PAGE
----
Anyway, not everyone's Team Holly. Michael's assistant Erin -- usually sweet and airy as cotton candy -- just doesn't get it. "I’d help you, but I’m waiting for my boss’s pretty friend to arrive," she tells Holly when she first arrives. And later, when the girls are advising the new arrival on her boyfriend situation, Erin suggests, helpfully, that "maybe Holly’s not in a position to be shooing guys away." Ouch.
The story starts off on a weird note, though, when Michael oversteps to the extreme and takes out his angst by trashing Holly's beloved Woody doll, a gift from her beau. Michael's truly smarting because he's come to the realization that there are some men worth the long distance -- like this new boyfriend AJ -- and some not. Like him. But Michael realizes that he's done something truly hurtful, and tries to clean Woody up. Good thing, too, because then AJ shows up to surprise Holly. But she tells him that she's the one who accidentally dumped Woody, protecting Michael from looking like the idiot he is. And eventually, Pam reveals to Michael that he does still have a chance, since the whole ultimatum thing will no doubt put the kibosh on Holly's strained-by-distance-and-Michael relationship.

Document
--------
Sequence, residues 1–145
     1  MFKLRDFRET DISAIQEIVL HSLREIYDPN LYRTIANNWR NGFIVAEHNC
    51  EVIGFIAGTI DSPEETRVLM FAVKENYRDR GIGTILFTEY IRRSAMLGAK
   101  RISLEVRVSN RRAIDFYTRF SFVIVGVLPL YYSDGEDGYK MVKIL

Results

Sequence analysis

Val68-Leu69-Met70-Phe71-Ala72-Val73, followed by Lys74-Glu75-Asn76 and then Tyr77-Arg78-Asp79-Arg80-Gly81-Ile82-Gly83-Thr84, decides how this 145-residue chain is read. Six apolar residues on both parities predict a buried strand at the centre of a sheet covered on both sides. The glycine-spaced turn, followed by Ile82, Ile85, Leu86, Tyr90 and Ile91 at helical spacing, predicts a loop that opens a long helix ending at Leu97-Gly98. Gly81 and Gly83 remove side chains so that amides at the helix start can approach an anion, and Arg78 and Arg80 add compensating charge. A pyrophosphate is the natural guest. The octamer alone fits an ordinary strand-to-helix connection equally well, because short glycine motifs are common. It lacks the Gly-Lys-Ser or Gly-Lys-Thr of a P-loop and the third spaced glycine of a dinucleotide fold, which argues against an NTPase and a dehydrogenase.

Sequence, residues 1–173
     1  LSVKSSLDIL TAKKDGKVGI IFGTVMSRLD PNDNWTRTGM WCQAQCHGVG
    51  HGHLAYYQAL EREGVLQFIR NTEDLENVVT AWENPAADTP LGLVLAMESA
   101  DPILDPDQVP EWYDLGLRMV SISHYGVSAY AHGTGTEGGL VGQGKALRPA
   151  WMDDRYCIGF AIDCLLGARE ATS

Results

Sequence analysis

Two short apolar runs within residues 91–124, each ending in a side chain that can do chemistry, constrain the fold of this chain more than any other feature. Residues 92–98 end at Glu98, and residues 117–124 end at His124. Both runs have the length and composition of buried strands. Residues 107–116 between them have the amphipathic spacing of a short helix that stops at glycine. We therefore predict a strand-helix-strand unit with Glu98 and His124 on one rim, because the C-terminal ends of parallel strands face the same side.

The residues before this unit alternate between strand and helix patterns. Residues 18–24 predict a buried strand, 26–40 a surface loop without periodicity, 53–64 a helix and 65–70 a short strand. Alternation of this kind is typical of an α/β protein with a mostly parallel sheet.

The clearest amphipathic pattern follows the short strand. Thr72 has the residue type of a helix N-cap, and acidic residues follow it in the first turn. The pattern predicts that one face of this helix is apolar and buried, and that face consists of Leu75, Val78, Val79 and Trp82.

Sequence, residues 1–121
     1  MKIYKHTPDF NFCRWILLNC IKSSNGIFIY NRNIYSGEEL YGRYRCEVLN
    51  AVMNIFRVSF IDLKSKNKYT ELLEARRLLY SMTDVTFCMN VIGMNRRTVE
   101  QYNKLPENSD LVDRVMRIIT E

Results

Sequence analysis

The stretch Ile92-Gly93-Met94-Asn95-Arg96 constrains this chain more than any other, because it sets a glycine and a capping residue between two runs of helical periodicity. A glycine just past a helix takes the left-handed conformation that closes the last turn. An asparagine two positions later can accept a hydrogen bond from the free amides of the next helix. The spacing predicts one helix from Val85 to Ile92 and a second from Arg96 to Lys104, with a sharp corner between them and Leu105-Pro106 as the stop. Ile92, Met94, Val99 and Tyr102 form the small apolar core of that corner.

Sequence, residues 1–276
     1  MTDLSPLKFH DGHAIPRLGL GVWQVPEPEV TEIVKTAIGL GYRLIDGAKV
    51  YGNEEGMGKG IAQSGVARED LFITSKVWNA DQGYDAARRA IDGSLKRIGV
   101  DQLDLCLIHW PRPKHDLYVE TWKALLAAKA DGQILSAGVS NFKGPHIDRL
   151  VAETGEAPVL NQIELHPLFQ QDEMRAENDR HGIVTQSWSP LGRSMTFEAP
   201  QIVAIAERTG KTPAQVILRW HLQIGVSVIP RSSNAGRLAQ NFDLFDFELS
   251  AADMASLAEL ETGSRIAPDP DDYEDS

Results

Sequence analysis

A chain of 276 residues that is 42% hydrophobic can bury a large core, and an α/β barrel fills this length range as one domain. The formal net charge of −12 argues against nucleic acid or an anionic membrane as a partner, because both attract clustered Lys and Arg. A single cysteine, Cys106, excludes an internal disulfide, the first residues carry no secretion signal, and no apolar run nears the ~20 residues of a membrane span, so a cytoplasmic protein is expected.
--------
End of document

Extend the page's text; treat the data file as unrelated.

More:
Meanwhile, there's a cute storyline about Darryl, who's all excited about spending Christmas with his daughter. But then he finds out his kid doesn't want to spend the holiday with him because she thinks he's boring. Ouch. So Pam and Andy help him come up with ways to entertain the girl, like a visit from Santa and a scavenger hunt -- and the opportunity to clean out the vending machine. Who wouldn't have fun doing that.